The Ministry of Education (MOE) is considering introducing an “anti-bullying action plan” that would require school administrators and faculty to actively intervene in bullying cases.
To flesh out its strategy, the ministry yesterday invited directors of local educational bureaus to discuss anti-bullying mechanisms.
The ministry said it plans to slash funding for schools whose principals or teachers fail to report and deal with bullying. Principals could also suffer in terms of their annual job performance evaluation, the ministry said.
A recent survey by the ministry shows that although about 2 percent of the nation’s 950,000 junior high school students have been victims of bullying, the ministry’s Campus Security Center only receives about 10 reports annually.
Another poll of 3,199 junior high school students by the Taiwan Fund for Children and Families showed that about 35 percent of respondents said their classmates were bullies.
The scale of bullying prompted three Control Yuan members to launch an investigation on Wednesday into the liability of the MOE and the Ministry of the Interior.
Premier Wu Den-yih (吳敦義) demanded that the MOE establish a preventive mechanism and consider drafting an anti-bullying act during the Cabinet’s weekly meeting yesterday.
MOE Department of Students’ Military Training Director Wang Fu-lin (王福林) said the first task for the ministry is to tackle indifference to bullying.
Wang said the ministry hoped the threat of funding cuts or bad performance evaluations would prompt schools to take the problem more seriously.
The Taipei Grand Mosque yesterday said its earlier decision to cancel Eid al-Fitr celebrations on Sunday to mark the end of the Muslim holy month of Ramadan would stand, even though there have been no new domestic cases of COVID-19 in more than a month. It will be the first time in 60 years that the event has not be held at the mosque. The Ministry of Labor had asked all mosques to suspend Eid al-Fitr celebrations and prayers this year, due to COVID-19 concerns, and encouraged Muslims to pray at home. This year Ramadan began on April 23 and is to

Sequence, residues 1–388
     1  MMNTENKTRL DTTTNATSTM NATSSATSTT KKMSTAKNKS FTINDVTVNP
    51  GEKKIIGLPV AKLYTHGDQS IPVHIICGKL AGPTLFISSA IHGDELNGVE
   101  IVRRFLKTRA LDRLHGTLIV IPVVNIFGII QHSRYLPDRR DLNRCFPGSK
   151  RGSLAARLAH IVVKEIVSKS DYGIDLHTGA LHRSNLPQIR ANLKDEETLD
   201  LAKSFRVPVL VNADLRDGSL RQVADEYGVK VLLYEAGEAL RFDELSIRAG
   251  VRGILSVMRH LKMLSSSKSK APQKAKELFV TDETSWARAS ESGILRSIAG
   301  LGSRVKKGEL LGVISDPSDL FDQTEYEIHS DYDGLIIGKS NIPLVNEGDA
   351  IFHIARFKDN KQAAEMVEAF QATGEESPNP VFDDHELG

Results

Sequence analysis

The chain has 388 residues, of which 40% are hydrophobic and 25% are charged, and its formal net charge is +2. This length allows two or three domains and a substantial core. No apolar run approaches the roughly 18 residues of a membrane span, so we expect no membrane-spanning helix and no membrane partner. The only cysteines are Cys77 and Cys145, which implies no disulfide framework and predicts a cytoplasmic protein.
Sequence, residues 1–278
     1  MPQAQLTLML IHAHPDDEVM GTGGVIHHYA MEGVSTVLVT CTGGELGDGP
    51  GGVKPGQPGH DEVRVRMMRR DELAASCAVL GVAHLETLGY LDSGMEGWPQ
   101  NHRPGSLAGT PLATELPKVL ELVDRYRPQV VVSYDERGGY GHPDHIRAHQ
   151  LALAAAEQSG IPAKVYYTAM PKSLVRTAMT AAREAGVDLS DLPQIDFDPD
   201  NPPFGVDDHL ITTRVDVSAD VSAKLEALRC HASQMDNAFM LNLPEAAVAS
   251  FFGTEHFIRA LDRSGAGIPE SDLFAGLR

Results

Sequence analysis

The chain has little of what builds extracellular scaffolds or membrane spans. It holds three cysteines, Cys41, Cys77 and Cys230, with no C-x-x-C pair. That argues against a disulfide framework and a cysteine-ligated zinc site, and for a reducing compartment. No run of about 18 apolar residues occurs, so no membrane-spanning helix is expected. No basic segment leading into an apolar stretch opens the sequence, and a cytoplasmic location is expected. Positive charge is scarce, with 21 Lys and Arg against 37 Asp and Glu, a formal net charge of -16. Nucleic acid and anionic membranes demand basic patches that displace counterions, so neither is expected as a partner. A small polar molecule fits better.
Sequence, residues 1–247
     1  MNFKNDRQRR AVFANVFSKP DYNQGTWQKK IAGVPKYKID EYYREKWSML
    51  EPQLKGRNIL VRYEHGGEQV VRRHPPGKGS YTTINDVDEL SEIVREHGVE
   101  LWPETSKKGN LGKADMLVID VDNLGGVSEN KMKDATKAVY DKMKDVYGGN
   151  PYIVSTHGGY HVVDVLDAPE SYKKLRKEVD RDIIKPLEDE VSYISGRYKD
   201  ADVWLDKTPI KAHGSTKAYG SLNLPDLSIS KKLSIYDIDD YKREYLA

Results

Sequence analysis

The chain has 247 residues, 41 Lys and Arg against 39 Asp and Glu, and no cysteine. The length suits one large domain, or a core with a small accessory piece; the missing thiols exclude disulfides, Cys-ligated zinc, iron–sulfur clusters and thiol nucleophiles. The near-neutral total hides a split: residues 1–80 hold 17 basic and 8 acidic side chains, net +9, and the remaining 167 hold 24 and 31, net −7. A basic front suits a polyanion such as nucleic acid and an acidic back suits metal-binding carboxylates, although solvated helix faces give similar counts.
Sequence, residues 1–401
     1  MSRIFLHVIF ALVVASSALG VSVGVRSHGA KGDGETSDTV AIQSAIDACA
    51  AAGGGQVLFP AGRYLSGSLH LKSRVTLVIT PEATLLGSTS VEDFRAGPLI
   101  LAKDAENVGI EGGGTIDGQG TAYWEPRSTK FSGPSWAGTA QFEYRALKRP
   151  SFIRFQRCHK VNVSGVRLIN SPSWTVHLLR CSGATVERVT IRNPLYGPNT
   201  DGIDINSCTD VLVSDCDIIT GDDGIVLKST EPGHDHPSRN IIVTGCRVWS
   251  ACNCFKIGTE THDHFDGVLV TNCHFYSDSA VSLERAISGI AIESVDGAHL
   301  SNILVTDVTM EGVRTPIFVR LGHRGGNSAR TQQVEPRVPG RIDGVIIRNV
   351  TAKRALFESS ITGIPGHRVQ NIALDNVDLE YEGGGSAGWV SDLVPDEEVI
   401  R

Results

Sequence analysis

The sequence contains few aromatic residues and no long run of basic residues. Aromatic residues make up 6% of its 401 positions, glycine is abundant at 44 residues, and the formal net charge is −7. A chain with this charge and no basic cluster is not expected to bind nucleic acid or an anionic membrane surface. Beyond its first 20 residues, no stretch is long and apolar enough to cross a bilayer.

KAOHSIUNG VOTE: A city official allegedly wrote a message calling on supporters of Kaohsiung Mayor Han Kuo-yu not to participate in the vote next month Prosecutors on Wednesday initiated an investigation of Kaohsiung Civil Affairs Bureau Director-General Tsao Huan-jung (曹桓榮) for allegedly telling supporters of Kaohsiung Mayor Han Kuo-yu (韓國瑜) to interfere with a recall vote against Han, while pan-green politicians denounced the mayor and his team for devising ways to obstruct voting. After receiving complaints from residents, the Kaohsiung District Prosecutors’ Office launched its probe of Tsao for alleged breaches of the Civil Servants Election and Recall Act (公職人員選舉罷免法). Complainants provided evidence that Tsao on Saturday last week wrote on messaging app Line that Han supporters should not vote in the June 6 recall vote, saying:
BILINGUAL ASSISTANCE: The center launched a chat bot that features Chinese and English interfaces to provide foreigners with instant information about the pandemic The Central Epidemic Command Center (CECC) yesterday said that it would discuss with other nations the possibility of allowing businesspeople to visit on a case-by-case basis. Asked about loosening border restrictions, Minister of Health and Welfare Chen Shih-chung (陳時中), who heads the center, said at the daily CECC news briefing that while the center is cautious about opening the nation’s borders, it would aim to diminish obstacles for important trade interactions without risking transmission of the novel coronavirus. Several foreign representatives in Taiwan have expressed an interest in the matter and the center would conduct related negotiations with the help of the
DELUSIONAL: The male patient said he did not know that the woman had mental problems, but the court said that her being restrained in isolation should have given him pause The Taiwan High Court has ordered the Jhudong branch of the Taiwan National University Hospital and a male patient to jointly pay a former female patient’s family NT$400,000 in compensation after the man had sex with the woman, who has mental problems, while hospitalized. The 26-year-old woman has been diagnosed with a mental disorder, a symptom of which is that she obsessively seeks to have sex, her mother said. The mother filed a formal complaint and sought damages from the hospital and the male patient surnamed Chen (陳) after finding out that her daughter had sex with the man while